Implications of the teaching of the Ten Factors

1/   The wisdom of equality

The teaching that all people share the same truth of the Ten Factors was a revolutionary teaching of the equality of the Buddha and ordinary people.

It revealed that there is no physical or mental obstacle that can prevent any person from revealing and experiencing the state of Buddha: the highest state of life

2/  The Ten Factors encode the Universal Law of Myoho-Renge-Kyo

The Ten Factors describe the dynamism of the life of the individual human being. The entity of the individual (Nyo Ze Tai) comprises the mental aspect (Myo) and the physical body (Ho), having the capacity to act and influence the environment.  This influence or action of the individual occurs according to the bond of Cause and Effect described in the other factors. 

Being a truth that applies to all living beings, the Ten Factors describe the Universal Law of Life, which mechanism operates through Cause and their Effect.  The bond between Cause and Effect is symbolically referred to in the sutra’s title by the word (Renge), indicating the lotus flower. Being a principle strictly consistent in all situations of life, it is called a Law (Kyo). 

The Ten Factors of Life can be referred to as MyohoRengeKyo.

3/  Shaping one’s life through the Inner Cause (Nyo Ze In)

The Inner Cause depends solely on the individual.  At each moment one is able to create inner desire, thoughts and motivation to improve one’s life – this is the essence of one’s prayers. A prayer is a desire and determination for action (to realise a certain goal). 

Because the main factor, which shapes our life is our inner motivation: or the “inner cause” – then using our voice in chanting is a conscious act of activating one’s inner desire (Nyo Ze In) towards taking full responsibility and leadership of one’s course of action (and future consequences).  This way we can exert a shift and a change in the direction of our life.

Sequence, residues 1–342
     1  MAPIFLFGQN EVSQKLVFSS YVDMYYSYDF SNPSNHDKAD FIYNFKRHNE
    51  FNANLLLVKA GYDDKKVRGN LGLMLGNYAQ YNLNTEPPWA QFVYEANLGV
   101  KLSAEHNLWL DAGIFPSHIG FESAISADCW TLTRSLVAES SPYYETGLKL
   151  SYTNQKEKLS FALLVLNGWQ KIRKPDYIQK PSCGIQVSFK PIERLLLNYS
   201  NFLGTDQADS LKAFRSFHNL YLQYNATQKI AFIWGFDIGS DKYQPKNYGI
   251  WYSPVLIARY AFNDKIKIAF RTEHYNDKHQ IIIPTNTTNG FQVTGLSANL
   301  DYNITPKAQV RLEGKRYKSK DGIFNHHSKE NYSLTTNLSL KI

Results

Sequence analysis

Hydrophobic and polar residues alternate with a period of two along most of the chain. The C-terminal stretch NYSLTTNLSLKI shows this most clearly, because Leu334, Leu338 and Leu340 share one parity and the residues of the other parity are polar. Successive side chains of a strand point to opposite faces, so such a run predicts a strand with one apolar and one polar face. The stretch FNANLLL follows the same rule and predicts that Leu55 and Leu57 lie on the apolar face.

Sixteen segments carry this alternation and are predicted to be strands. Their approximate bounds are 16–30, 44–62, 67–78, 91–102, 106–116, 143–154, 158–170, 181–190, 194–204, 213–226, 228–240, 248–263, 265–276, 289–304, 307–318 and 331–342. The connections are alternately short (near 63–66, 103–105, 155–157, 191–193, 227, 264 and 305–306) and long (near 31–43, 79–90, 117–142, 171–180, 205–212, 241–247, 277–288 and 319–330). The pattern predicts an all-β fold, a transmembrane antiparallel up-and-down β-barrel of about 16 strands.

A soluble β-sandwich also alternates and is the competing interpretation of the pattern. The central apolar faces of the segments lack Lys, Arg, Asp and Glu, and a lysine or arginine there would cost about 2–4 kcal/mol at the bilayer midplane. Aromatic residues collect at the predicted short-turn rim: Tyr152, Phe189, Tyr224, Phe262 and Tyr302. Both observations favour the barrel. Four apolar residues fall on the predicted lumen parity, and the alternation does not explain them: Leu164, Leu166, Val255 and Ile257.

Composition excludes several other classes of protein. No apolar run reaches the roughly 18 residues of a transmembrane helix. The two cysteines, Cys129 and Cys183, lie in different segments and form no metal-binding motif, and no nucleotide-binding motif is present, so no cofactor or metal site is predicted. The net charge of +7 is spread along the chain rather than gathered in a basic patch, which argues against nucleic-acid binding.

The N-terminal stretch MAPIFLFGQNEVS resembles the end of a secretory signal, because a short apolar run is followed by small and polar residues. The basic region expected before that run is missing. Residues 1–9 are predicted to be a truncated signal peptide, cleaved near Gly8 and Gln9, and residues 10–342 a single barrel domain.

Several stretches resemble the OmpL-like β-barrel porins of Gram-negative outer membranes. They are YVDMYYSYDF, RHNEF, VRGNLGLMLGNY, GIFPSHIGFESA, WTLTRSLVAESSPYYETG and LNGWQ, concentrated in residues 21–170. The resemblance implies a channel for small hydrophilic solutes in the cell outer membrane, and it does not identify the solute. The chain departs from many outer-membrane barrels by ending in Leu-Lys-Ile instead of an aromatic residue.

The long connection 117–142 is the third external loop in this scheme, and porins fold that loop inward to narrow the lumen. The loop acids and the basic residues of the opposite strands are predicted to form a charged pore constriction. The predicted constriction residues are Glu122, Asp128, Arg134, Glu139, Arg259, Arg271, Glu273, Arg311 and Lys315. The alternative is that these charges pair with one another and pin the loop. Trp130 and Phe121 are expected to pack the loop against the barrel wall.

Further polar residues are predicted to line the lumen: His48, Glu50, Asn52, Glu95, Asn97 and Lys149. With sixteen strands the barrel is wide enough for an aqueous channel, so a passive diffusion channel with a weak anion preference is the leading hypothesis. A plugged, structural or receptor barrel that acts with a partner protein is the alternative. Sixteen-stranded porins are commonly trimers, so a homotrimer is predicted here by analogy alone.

4/  Activating one’s “Inner Cause” leads to creating a new future

Chanting employs voice, thoughts and desires -  it integrates the physical and mental aspects of the individual.  Chanting is effective only if it is earnest, determined and wholehearted.

-  “As the Daishonin says, “A candle can light up a place that has been dark for billions of years.” Similarly, the moment we offer prayers based on daimoku, the darkness in our lives vanishes.

This is the principle of the simultaneity of cause and effect.

At that very instant, in the depths of our lives, our prayer has been answered. 

The inherent cause (Nyoze in) of a deep prayer simultaneously produces a latent effect (Nyoze ka), creating thus new possibilities for the future.

While it takes time for this effect to become manifest, in the depths of our lives, our prayers are immediately realised. The lotus flower (renge), in blooming and seeding at the same time, illustrates this principle of  simultaneity of cause and effect.”  P. Ikeda